What is Korean BBQ? All You Need To Know!
In this article, we breakdown Korean barbecue, from the meats used, the sauces that flavor the meal, and the sides you can enjoy with it, both side bites and drinks.
With the spread of the Korean wave (aka Hallyu), South Korea continues to export its cultural commodities all over the world. From entertainment like K-Pop, K-Drama, and K-Movies to Cosmetics and beauty products, South Korea really is gaining a lot of global attention. Along with the rise of Korean cultural commodities the interest in Korean food cuisine is rising. And what is more popular than the Korean Barbecue?
Korean Barbecue is seen in almost every Korean show as a social and celebratory meal with friends, family, or co-workers. They cheerfully gather around an open grill and cook together. Seeing them dig into the mouthwatering meal makes you want to try it too.
Let’s get you prepared to make the most of your Korean BBQ experience, either in a restaurant or at home.
What is a Korean Barbecue?
Korean Barbecue (or K-BBQ), locally known as gogi-gui (고기구이 in Hangul), is the Korean style of grilling thin slices of meat like beef, pork, and chicken over a charcoal or gas grill. The grill is often in-built into the dining table with a grill mesh or portable tabletop stove with a grilling pan.
The meat dishes are served raw, and the customers have to grill it themselves before they can feast! The meat of Korean BBQ may or may not be marinated.
One of the most popular meats associated with Korean barbecue is Bulgogi, which is literally translated as ‘Fire meat.’ It’s just thinly sliced meat marinated in a soy sauce marinade. How did Bulgogi become one of Korea’s staple household dishes? Keep reading to find out!
There are numerous ways to enjoy a Korean barbecue. You can eat the meat straight off the grill, or you can have it as small bite-sized parcels where the meat is dipped in ssamjang sauce and wrapped in lettuce or perilla leaves.
Korean BBQ is served alongside side dishes (Banchan) and alcoholic drinks like Beer, Soju, Makgeolli, or Wine.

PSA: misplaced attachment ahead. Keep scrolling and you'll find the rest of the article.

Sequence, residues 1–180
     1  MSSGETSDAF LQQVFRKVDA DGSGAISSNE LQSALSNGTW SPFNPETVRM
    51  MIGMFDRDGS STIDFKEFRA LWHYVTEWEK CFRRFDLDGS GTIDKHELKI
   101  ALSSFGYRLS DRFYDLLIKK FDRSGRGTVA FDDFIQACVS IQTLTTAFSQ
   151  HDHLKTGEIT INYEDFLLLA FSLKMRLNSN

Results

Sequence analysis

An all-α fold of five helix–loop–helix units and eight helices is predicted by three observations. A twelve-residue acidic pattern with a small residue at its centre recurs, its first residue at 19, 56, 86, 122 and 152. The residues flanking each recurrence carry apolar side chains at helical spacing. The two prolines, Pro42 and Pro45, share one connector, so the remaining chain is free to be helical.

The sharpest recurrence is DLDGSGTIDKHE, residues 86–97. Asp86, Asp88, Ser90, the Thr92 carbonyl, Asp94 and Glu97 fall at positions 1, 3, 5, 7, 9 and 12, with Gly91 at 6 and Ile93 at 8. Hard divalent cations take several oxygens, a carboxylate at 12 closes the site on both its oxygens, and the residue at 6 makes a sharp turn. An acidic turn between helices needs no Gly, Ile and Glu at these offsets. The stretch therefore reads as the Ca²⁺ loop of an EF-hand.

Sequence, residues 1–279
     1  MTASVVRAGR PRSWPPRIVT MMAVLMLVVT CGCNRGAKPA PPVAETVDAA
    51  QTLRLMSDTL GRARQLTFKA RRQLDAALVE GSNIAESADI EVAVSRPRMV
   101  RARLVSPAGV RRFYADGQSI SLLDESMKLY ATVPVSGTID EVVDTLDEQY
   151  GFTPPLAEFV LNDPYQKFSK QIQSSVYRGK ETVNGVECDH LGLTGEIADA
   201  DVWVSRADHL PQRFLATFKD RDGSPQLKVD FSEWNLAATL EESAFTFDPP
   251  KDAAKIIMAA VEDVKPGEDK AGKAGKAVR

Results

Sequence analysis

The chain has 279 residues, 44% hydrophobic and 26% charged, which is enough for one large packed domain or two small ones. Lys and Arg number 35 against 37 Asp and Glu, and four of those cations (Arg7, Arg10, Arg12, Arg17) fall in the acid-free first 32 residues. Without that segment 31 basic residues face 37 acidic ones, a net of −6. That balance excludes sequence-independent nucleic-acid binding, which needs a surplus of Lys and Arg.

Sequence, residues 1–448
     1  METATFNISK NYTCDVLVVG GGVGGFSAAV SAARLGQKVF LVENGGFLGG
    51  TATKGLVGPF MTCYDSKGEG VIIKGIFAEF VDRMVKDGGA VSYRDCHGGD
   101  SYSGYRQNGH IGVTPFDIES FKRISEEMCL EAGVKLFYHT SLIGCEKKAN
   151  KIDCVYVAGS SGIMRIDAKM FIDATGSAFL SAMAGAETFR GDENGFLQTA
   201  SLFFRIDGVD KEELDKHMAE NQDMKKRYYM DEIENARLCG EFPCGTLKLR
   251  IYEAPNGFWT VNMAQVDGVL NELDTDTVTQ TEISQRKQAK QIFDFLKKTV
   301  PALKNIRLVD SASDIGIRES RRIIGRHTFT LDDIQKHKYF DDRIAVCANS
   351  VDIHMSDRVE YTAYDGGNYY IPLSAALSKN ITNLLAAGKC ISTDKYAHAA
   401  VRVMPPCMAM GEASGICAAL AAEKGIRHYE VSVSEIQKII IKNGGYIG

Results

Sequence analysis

Before we talk about the different aspects of Korean BBQ like the meats, marinating and dipping sauces, and side dishes, let us look at the historical background of this dish.
What are the Origins Of Korean BBQ?
Korean barbecue has fascinating origins that tie-in deeply with its culture.
Let’s start off by talking about the most famous dish, Bulgogi, which represents Korean cuisine and its nation.
Bulgogi is actually an umbrella term for two slightly different dishes: one that’s brothy, and another that’s roasted over a grill.
Bulgogi’s origins can be traced back to a dish called maekjeok from the Goguryeo era (37 B.C. to 668 A.D.). Maekjeok was pre-marinated roast meat on a skewer that was famous in the land.
However, as Buddhism spread in the Korean Peninsula, eating meat was banned, and Korea became dependent on its agricultural produce. Only small pockets of tribes living in the fringes ate meat.
The practice of eating meat returned with the Mongol invasion of Korea around 1230–1271 AD., Maekjeok made a comeback as this meat could be preserved when supplies dwindled. But interestingly, six centuries of vegetarian cuisine was so ingrained into the Korean cuisine that it became a part of the meal in the form of Banchan – the side dishes served along with every Korean meal.
Through the different eras of Korean history, Maekjeok slowly turned into Seoryamyeok – a brothy dish of marinated beef soaked in cold water. Seoryamyeok, in turn, developed into a royal court dish called Neobiani, which was made of thick, flat, and wide cuts of meat cooked over a charcoal fire. Neobiani was popular among the Korean royalty during the Joseon dynasty(1392-1910).